- The Washington Times - Tuesday, September 28, 2004


Passing a school bus that is picking up or dropping off students will be even more costly for offending drivers beginning Friday, when two pedestrian-safety initiatives become law in Maryland.

The maximum fine for ignoring a school bus that has its lights flashing and front safety bar extended will double to $1,000.

“You will stop, you will wait, because it indeed can cost you a lot of money if you don’t,” said state Delegate Karen S. Montgomery, Montgomery Democrat.

The steep maximum fine is meant for repeat offenders, but Mrs. Montgomery says a judge could impose it on a first-time offender if he or she feels it’s appropriate.

Last year, 663 drivers were cited in Montgomery County for overtaking or passing a stopped school bus. This year, 382 citations have been issued.

The other new law will free police officers from compulsorily having to appear in court every time they issue citations to drivers for failing to stop for a pedestrian in a crosswalk.

“This is precious time away from the streets and in our already clogged courts,” said Delegate William A. Bronrott, a Montgomery Democrat who sponsored the measure.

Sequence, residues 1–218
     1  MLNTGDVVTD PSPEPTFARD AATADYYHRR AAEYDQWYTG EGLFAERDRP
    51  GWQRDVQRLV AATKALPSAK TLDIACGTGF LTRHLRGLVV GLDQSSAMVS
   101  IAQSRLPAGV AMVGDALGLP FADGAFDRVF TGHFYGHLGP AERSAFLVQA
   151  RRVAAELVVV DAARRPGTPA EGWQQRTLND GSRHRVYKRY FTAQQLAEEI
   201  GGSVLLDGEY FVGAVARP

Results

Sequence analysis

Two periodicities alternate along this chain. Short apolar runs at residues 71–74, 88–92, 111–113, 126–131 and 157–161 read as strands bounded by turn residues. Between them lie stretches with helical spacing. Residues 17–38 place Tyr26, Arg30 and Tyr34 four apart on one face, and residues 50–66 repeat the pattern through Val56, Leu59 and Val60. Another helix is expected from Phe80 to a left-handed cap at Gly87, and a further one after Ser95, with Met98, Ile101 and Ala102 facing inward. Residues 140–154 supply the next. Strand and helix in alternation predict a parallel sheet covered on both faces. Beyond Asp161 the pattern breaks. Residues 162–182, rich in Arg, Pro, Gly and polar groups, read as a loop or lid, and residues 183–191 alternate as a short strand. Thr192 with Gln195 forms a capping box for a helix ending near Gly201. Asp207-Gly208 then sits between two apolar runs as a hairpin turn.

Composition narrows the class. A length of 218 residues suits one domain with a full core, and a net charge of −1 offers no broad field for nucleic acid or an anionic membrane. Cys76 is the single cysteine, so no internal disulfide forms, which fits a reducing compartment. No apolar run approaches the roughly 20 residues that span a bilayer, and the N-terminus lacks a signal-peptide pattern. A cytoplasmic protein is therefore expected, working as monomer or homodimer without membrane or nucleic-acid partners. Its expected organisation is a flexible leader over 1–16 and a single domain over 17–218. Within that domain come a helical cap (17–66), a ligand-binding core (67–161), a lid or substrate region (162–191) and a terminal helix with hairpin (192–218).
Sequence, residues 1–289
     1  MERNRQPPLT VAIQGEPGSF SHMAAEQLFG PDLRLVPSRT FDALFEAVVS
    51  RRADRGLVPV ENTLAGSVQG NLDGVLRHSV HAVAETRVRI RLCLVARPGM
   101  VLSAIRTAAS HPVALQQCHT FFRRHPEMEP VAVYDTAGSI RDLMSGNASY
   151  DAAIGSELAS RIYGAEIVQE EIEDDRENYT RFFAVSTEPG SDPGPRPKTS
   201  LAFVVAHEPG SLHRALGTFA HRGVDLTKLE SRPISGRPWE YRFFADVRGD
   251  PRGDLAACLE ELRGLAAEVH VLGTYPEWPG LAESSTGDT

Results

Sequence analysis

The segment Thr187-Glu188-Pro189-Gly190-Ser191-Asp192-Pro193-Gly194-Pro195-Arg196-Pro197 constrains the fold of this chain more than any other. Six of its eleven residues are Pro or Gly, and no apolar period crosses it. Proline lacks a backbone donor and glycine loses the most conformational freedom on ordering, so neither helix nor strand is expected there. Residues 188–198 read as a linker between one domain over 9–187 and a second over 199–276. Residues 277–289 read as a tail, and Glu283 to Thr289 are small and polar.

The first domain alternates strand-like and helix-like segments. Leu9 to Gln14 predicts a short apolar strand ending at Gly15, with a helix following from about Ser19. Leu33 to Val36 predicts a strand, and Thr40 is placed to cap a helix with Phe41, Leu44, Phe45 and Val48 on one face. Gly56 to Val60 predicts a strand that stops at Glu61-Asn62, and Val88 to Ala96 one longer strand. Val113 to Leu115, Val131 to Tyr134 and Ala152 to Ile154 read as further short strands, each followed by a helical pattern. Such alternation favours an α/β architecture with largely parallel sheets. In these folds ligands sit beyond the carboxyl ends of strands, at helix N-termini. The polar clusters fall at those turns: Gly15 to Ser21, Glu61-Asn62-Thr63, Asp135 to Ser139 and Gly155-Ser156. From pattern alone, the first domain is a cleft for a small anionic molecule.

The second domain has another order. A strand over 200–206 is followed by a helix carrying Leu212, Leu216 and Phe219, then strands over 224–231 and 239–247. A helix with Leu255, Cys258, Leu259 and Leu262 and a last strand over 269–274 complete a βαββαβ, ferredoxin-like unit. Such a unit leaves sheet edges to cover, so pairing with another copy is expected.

Officers would still go to court if a driver challenges a ticket.

Montgomery County Police Chief J. Thomas Manger said officers will be glad to see the “must appear” rule go.

“Any time legislation or an effort improves our ability to keep pedestrians safe, we’re very pleased,” Chief Manger said.

Lawmakers and police leaders gathered at Rock Creek Forest Elementary School in Bethesda yesterday to highlight the new laws. They used the school setting to emphasize the three “E’s” of pedestrian safety — education, enforcement and engineering.

“Pedestrians of all ages deserve the freedom to cross the street without it being, or feeling like, a death-defying act,” Mr. Bronrott said.

Fourteen pedestrians and cyclists have died in vehicle-related accidents in Montgomery County this year.

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